Dr Wilding —We have pointed out some problems. The one that we have tended to focus on—and it may be a fair criticism that we have tended to put too much of our attention on it—is the contracts process. We have tended to do that because it was a striking example of long-term failure before something actually happened. At the time that the report was written, the contracts committee had not come out with a code. It was not certain that there was going to be a code. In addition to that, even though there is a code, we are yet to see compliance with that code, so that is a separate question altogether. It may well be a fair criticism that there is not documentation on other areas to the same extent to which there is documentation on the contracts area.
Having said that, my colleagues at a number of other consumer organisations have pointed out problems in areas such as credit management and the incidence of high bills on premium services, and problems with privacy and the use of number databases. They have gone into detail in several other areas which may not have been expressed in terms of the direct failings of a particular ACIF code. If there is a gap in how those matters are regulated, part of it falls to self-regulation and part of it falls to the activities of the regulator. There are certainly a number of areas where there are consumer problems. All the consumer groups submitting in this inquiry will be pointing to some of those. They are not, by any means, all the failings of ACIF. If the Consumer driven communications report suggests that they are, that is not correct.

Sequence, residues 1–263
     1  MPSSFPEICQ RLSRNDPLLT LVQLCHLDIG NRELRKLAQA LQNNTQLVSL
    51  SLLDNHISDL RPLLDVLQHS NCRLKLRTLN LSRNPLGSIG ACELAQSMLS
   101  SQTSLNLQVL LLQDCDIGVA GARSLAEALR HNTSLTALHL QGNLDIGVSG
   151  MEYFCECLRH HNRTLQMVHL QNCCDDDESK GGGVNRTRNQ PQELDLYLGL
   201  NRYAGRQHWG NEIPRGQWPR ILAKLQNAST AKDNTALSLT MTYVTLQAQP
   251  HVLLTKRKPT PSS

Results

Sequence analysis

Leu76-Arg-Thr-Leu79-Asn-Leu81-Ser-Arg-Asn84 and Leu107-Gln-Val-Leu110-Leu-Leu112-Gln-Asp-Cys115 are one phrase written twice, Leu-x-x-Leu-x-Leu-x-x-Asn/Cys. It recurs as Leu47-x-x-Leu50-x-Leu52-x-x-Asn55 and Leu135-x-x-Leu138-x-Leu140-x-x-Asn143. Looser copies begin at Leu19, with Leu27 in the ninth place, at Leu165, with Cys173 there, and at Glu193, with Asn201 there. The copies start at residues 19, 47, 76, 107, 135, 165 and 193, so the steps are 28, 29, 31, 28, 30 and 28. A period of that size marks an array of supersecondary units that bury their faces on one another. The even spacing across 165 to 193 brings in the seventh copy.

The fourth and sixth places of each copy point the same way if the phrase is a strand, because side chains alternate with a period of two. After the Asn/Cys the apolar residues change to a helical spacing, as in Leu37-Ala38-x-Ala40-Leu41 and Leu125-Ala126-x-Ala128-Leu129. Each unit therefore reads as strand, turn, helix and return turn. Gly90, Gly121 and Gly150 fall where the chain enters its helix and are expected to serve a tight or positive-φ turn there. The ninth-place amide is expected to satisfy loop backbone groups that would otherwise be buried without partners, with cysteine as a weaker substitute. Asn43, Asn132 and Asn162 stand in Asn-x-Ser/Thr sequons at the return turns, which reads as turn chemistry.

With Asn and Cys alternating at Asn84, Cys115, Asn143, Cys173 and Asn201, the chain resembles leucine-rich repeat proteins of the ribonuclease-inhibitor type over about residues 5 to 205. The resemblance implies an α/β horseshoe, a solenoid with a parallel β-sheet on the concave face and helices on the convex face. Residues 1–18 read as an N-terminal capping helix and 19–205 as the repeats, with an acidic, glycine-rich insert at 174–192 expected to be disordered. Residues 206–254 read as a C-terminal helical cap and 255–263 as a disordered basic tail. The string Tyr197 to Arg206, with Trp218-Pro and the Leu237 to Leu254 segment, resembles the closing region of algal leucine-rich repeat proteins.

But I do not think that the report does suggest that. It points to ACIF in a couple of circumstances, but it is not actually focused on ACIF. It deals with consumer protection and self-regulation across the board, and certainly ACIF is ahead of other organisations when it comes to consumer participation. For example, we would certainly rank ACIF above the Internet Industry Association in terms of the way in which codes are developed and consumers participate in that code development.
Senator CONROY —ACIF also states that it:
… does not recommend any changes to the existing regulatory policy or framework for Codes and Standards.
What changes would you like to recommend for consumer protection and regulatory regimes?
Dr Wilding —That is a statement with which I disagree. I think that we have seen some improvements and hopefully some benefits will flow from that, but the goodwill of the parties involved at the present is not enough to ensure that there is a sound regulatory system. Some of the minor changes that we have suggested would help to ensure that the good work in the past year continues, whoever is involved in these particular committees and organisations.